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Myth and writing in Aeschines’ against Timarchus

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Chapter Summary

This chapter focuses on the orator’s strategy in choosing different media-written instead of oral to present Aeschines’s evidence. The author argues that Aeschines’ use of the clerk is not only novel but also remarkable. Aeschines presents a quintessentially oral entity in the form of a written document read out by the clerk, in a written speech that has the fiction of being an oral performance. Aeschines’ referral of The Iliad passages to the clerk demands and excuses the use of a written text, which suggests a tactic to place his evidence and, by implication, his interpretation beyond criticism. This analysis is particularly plausible as the passages’ variations are advantageous to him. The authority of the written word consists in its disassociation from the speaker, giving it the appearance of being independent and untouched.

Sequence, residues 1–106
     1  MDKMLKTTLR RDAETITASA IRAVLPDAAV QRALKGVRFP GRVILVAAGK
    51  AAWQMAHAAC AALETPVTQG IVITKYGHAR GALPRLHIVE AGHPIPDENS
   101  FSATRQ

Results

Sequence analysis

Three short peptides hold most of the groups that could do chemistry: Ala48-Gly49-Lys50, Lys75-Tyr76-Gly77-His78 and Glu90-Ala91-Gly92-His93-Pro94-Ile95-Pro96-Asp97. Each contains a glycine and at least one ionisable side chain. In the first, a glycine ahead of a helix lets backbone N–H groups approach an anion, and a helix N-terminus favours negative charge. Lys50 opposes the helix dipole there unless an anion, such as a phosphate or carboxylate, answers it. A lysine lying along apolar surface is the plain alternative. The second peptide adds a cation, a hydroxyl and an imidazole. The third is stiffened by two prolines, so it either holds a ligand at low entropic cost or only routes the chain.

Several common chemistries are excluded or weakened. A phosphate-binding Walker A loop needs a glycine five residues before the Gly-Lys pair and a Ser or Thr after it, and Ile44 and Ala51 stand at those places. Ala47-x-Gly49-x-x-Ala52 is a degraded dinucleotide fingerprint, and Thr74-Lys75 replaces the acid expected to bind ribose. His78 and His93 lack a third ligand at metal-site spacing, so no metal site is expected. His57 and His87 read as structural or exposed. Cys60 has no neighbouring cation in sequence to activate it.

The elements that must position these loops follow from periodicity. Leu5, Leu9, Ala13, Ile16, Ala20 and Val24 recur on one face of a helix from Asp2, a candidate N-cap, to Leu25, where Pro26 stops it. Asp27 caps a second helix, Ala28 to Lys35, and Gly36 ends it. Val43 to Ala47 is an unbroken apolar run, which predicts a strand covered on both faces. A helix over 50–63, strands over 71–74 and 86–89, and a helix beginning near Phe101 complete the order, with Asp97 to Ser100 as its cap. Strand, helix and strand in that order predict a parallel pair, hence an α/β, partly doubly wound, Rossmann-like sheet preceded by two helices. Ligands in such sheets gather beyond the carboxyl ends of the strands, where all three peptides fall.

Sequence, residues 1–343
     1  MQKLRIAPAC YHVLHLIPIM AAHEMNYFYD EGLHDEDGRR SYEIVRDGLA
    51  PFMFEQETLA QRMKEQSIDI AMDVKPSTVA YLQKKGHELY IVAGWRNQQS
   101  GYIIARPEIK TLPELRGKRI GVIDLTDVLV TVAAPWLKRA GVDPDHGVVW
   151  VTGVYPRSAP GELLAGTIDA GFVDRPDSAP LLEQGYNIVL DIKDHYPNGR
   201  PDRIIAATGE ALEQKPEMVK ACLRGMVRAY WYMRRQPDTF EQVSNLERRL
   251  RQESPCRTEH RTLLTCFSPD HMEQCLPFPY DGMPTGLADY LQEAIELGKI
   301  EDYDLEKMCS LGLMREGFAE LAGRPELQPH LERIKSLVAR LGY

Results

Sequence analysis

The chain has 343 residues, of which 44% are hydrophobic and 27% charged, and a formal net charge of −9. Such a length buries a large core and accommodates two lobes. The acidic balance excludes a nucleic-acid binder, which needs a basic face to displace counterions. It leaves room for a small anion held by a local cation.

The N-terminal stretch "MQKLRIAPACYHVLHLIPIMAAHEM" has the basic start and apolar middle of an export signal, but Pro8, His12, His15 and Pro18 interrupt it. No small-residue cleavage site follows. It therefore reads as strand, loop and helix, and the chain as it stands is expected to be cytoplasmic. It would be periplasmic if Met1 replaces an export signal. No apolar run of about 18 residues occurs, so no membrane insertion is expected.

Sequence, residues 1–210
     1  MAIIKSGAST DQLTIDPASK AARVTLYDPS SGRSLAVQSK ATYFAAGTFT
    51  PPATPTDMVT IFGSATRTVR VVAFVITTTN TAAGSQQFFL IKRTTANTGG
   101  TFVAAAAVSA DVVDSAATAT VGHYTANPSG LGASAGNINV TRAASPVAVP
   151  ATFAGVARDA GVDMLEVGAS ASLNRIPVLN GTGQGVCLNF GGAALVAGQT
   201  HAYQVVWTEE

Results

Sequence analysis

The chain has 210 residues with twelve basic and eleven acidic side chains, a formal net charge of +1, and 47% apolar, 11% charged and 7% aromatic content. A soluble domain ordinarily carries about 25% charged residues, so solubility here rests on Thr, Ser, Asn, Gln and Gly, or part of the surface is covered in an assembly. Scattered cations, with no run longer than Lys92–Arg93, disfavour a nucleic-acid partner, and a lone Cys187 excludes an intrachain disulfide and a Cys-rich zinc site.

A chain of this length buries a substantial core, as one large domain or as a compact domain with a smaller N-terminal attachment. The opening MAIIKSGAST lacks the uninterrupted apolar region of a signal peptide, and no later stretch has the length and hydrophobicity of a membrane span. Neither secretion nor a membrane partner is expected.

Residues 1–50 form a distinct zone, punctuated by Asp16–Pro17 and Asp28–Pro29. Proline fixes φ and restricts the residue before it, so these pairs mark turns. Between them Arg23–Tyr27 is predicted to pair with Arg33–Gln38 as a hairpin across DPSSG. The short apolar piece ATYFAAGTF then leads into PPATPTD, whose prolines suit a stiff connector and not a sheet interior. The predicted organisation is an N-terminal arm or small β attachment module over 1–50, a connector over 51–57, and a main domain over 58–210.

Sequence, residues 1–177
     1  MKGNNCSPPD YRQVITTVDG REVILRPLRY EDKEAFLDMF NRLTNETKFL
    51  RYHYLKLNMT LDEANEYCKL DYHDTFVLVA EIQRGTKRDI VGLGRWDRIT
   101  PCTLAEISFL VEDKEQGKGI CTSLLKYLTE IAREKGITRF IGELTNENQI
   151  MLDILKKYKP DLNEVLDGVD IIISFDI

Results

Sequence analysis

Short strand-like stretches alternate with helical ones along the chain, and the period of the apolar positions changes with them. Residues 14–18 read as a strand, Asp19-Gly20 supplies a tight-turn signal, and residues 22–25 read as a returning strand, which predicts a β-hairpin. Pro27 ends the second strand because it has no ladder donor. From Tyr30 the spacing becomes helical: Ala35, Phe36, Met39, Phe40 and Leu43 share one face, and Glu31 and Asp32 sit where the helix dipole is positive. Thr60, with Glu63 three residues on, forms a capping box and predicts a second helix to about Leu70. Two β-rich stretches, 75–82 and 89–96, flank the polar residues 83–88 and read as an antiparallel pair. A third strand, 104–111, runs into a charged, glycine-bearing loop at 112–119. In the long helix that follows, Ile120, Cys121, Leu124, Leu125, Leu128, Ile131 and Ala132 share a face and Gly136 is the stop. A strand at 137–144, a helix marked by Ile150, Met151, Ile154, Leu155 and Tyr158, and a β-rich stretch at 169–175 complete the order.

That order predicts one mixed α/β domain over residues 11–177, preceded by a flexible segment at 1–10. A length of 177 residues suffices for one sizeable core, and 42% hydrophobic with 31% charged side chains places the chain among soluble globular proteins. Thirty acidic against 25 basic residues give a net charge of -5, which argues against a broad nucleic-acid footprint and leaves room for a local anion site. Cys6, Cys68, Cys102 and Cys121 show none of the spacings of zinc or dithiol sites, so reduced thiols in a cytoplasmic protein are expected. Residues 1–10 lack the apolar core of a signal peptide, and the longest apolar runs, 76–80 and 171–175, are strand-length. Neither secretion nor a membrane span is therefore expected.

Keywords: Aeschines; Aeschines’s evidence; Myth; orator’s strategy; The Iliad passages; Timarchus; Writing; written speech

10.1163/ej.9789004145405.i-380.46
/content/books/10.1163/ej.9789004145405.i-380.46
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